We are delighted to welcome the latest contributor to our publication. As a non-native to our shores we look forward to sharing his thoughts on our life and times.
Greetings, readers of the Marylebone Monthly Illustrated!
I, Inky Quill, have had the great honour of being invited to contribute to this distinguished publication.
My aim is to amuse you with my observations on life as—borrowing from my countryman Mark Twain—a Connecticut porcupine in King Arthur’s Court. Clever phrasing, but imprecise, as my current residence is not a court, but rather Regent’s Park.
But here I am putting the end at the beginning, and that will not do.
My tale begins, as all good tales do, with poetry.
It was an ordinary day in an ordinary American forest and I, an ordinary porcupine, was going about the ordinary task of deciding if, for the purposes of my sonnet, the light upon the dew-damp leaves was, in fact, ‘gentle’ or perhaps ‘tender’ when a net settled on me in a manner most antithetical to both those words. I was transported to the city and put on a vessel with a menagerie of fellow captives.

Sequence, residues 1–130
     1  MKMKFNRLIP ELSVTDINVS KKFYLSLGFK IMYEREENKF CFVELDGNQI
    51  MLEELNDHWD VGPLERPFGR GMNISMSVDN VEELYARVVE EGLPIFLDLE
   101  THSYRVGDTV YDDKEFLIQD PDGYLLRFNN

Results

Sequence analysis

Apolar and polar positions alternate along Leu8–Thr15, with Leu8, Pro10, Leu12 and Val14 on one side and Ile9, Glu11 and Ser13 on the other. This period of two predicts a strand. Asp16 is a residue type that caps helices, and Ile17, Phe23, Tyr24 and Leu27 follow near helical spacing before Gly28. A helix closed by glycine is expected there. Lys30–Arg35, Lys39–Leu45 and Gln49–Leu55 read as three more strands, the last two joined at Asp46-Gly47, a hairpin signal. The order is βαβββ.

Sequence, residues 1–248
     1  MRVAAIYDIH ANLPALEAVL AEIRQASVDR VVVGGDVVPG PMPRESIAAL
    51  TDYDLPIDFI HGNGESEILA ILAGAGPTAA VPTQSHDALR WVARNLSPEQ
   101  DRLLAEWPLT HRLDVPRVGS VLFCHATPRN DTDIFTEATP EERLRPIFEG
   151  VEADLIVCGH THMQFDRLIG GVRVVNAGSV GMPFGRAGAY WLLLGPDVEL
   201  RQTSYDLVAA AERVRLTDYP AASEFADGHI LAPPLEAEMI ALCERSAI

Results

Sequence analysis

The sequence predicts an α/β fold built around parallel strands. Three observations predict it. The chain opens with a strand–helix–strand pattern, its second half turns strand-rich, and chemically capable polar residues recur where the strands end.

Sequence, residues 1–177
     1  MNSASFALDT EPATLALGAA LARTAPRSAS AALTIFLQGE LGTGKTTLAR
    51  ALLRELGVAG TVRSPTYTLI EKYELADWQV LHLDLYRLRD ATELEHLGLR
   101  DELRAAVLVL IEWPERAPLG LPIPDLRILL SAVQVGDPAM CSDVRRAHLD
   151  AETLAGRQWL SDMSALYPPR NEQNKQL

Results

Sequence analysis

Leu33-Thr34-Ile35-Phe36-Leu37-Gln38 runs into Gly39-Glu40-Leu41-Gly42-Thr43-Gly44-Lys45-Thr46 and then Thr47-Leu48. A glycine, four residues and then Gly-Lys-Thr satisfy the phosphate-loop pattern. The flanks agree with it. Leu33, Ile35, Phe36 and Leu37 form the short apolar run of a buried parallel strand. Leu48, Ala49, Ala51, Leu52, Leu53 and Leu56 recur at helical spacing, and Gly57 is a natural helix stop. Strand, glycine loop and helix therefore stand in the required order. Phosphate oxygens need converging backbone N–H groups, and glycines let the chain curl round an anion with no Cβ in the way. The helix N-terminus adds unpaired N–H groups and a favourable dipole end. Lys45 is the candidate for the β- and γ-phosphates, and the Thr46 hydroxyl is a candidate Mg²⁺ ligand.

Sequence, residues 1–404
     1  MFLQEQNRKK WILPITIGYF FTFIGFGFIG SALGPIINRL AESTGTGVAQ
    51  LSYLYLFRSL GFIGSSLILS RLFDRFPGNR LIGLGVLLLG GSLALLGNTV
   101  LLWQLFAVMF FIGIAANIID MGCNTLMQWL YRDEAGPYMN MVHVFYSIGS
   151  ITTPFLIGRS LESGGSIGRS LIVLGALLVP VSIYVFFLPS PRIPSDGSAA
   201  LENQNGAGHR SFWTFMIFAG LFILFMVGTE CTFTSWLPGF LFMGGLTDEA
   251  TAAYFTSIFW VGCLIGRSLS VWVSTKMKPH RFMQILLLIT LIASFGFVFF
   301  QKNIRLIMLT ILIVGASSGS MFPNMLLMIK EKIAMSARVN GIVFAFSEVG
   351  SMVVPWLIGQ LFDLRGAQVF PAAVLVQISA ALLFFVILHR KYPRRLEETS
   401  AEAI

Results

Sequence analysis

As is so often the case in life, many things only make sense in hindsight. At the time, I did not know that of the words printed on crates about me—JAMRACH ~ LONDON—only the latter was a destination. I did not know that a violent storm such as besieged my floating prison was, in fact, quite common. It pains me to report that all life perished in the waves, save that of this lowly rodent.
With my only rations the eleven sprigs of clover and a half-piece of bark hidden amongst my spines, my raft—which I named the JAMRACH ~ LONDON for its stencilling—drifted from sea to river, carrying me into the heart of a metropolis the likes of which I had never before seen.
Strolling down the avenue, agog at my new surroundings, I heard a tiny voice.
“Hello, sir! Are you lost?”
Beneath the numbers ‘221’ sat a small, but perfectly formed, mouse.
Being of the same order of Rodentia, we naturally fell into conversation, and her whiskers trembled as I recounted my misfortunes. She hospitably offered me lodging at 221, but I declined. A fellow accustomed to forest life will find himself ill at ease surrounded by walls. She quite understood and guided me toward greener pastures.
And that is how I became an interim resident of Her Majesty’s Zoological Garden.
Interim because there is a carefully concealed egress by which I may exit the Garden and go about visiting the city and beyond. And the humans, those who maintain the Garden and those who visit it, do not seem to mind—or indeed, even, note—when my friends, an anteater and a hedgehog, understudy for me on stage, so to speak.
Mouselet and I became fast friends, and I came to know many of her associates, including the editor of this fine journal. And so ends my journey from America to 221 to your breakfast table reading. Until next month, I remain,
Your humble servant,